"Tomorrow is Forever" is a typical example of the type of films that came out of the Hollywood of the 40s. This seems to have been brought to the screen as a vehicle for Claudette Colbert, one of the most admired actresses of that era. Under the direction of Irving Pichel, we get a wonderful account of a woman whose husband is killed during the last days of WWI. The music score by Max Steiner enhances the film, although it feels obtrusive, at times.
Claudette Colbert was a prolific star of all the melodramas that were tailor made for her to shine. Her Elizabeth Hamilton in this film is a typical role she, and other actresses, played during that era. "Tomorrow is Forever" is interesting because of Orson Welles' appearance as the supposedly dead husband that returns under a different disguise.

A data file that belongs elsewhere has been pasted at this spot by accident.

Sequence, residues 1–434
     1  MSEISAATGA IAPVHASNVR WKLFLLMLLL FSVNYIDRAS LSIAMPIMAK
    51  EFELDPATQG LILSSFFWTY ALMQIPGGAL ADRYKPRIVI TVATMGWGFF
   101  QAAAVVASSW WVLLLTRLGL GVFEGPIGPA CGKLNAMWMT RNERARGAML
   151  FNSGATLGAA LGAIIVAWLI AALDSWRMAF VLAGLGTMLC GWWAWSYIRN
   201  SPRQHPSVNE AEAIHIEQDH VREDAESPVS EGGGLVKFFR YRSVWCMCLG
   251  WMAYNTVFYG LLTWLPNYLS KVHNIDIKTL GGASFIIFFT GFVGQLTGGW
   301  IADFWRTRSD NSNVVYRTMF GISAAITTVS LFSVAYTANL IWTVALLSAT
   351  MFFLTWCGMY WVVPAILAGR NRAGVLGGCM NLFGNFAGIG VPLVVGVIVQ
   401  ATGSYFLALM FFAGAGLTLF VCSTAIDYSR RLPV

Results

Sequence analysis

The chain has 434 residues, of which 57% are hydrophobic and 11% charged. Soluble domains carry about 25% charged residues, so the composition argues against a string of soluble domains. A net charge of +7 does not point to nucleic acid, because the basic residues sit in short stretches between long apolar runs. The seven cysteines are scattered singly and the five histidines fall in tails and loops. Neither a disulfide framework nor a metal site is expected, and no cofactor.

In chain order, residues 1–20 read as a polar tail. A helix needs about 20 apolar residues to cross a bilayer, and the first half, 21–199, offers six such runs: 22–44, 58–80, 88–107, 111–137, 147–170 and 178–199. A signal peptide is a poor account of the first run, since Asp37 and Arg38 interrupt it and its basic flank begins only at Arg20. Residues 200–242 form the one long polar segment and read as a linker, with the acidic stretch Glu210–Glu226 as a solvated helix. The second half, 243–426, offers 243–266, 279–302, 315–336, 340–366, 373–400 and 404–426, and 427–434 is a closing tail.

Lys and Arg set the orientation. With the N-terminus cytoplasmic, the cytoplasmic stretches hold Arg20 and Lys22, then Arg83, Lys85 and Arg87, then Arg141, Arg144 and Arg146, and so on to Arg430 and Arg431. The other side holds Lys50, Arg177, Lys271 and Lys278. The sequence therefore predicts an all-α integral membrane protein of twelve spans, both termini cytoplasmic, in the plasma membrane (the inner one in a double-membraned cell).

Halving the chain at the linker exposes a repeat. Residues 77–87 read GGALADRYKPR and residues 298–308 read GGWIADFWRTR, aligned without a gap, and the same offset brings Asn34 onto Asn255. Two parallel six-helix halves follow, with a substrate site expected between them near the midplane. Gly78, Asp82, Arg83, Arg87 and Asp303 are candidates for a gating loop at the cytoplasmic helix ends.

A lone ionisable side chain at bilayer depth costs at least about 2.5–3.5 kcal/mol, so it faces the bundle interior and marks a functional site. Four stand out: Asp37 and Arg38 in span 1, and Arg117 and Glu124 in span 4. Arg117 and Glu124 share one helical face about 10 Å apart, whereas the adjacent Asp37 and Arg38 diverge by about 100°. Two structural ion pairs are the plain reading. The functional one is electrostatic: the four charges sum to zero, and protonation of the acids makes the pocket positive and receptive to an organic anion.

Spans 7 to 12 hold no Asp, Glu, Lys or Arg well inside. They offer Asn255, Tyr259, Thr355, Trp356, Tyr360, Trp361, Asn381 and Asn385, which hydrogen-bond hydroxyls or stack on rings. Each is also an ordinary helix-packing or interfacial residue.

Today's audiences don't have patience to deal with what for the movie going public in the early days were able to allow in the reality department. Some negative comments to this forum express that viewpoint, but in spite of them, films like this will always be immensely rewarding for those fans that feel comfortable with the plots created for this type of movies.
Claudette Colbert makes a wonderful Elizabeth. Orson Welles was the real surprise in the dramatic role that Ms. Colbert championed for him, at a time of his life that he wasn't recognized for his genius. George Brent, a reliable actor, is seen as one of the decent men he played in films. Lucile Watson, as Aunt Jessie, is an asset. The young Richard Long plays Drew, the eldest son that has no clue who his father really is, but grows up believing the kind Lawrence is his dad. Natalie Wood as the young German girl, Margaret, showed a talent for stealing scenes from much established actors.
This is a film to be cherished by people who love the genre.